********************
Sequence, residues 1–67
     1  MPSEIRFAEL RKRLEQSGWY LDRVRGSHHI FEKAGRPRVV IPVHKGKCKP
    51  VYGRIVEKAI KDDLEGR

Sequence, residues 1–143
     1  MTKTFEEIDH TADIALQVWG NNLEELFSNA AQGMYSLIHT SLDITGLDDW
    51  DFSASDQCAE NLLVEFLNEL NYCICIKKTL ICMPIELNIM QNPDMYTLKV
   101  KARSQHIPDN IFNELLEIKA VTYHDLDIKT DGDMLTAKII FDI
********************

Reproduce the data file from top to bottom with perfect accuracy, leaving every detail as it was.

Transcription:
Sequence, residues 1–67
     1  MPSEIRFAEL RKRLEQSGWY LDRVRGSHHI FEKAGRPRVV IPVHKGKCKP
    51  VYGRIVEKAI KDDLEGR

Sequence, residues 1–143
     1  MTKTFEEIDH TADIALQVWG NNLEELFSNA AQGMYSLIHT SLDITGLDDW
    51  DFSASDQCAE NLLVEFLNEL NYCICIKKTL ICMPIELNIM QNPDMYTLKV
   101  KARSQHIPDN IFNELLEIKA VTYHDLDIKT DGDMLTAKII FDI